The invention of letters to the editor served as a way of communication and was informational during the early days. It gave a forum for opinionated debates regarding politics, business, trade, etc. The purpose of these letters was not to provide entertainment, but to provide newsworthy tidbits. Sometimes stories were not released for months because of the slow mailing system. 

The public now had a voice and it was extremely influential in defining the identity of the American people during the early years of our country. It enabled the newspapers, as well as the public, to prosper together in a dimensional platform. 


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Silence Dogood Letters


We are now coming up on the 300-year anniversary of the Silence Dogood Letters. Benjamin Franklin’s bi-weekly letters to the New England Courant read like an archaic blog entry. As Franklin points out, he is writing every week with the help of the paper to “add entertainment.” 

Understandably, it was very difficult reading the Letters. They are written in old english, with random capitalized words like Distance, Town, Readers, Business and even Sex. Mulling through the letters, I found it tough not to begin dozing off while fighting through the boredom. 

But, there are definitely things we can take out of the Letters. At the time, newspapers were beginning to flourish. Information and entertainment were necessary, and that is exactly what the newspapers provided. As we stand today, people still like to be informed and entertained. We just need a different spectrum for journalism, and that is where the Internet comes into play.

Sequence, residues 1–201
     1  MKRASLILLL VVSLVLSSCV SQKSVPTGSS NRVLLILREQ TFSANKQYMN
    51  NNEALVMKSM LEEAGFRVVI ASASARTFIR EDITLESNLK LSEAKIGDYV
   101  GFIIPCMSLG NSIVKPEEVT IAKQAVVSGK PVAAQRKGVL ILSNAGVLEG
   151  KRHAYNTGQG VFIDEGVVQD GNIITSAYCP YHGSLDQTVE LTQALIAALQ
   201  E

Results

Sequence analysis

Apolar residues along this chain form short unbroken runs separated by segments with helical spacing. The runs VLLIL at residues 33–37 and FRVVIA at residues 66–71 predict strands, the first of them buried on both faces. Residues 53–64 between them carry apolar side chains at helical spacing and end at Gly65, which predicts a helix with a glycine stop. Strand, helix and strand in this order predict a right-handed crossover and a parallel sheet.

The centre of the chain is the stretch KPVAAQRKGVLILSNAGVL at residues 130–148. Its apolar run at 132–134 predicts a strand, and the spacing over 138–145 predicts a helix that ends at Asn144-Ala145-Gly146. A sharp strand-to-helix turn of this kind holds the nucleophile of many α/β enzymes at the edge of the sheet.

The job of a journalist is to entertain and inform. We can still do that, but in a different platform. Journalism is not dying, newspapers are dying. There is always going to be a need for quality, informed, un-biased journalism.

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The Hype of 3-D

Unfortunately, this post will not be available in 3-D, so don’t reach down for your cardboard specs. 


In recent weeks though we have seen 3-D become the new craze in the technological world. From Superbowl commercials, live football games, to the new Disney Movie Monsters vs. Aliens, everybody is going 3-D. 

If you haven’t been lucky enough to see virtual 3-D yet, your missing out. It is the new era of television allowing for the audience to become part of the performance. Once the small kinks are worked out, it will be the ultimate virtual experience. 

One of the small kinks that needs to be worked out is the CARDBOARD GLASSES, highlighted by the rainbow lenses. Until they can improve on these, watching 3-D will not be cool when wearing these shades! 

But, the 3-D images these shades produce is unbelievable, so I guess it leaves everyone repeating, the juice is worth the squeeze.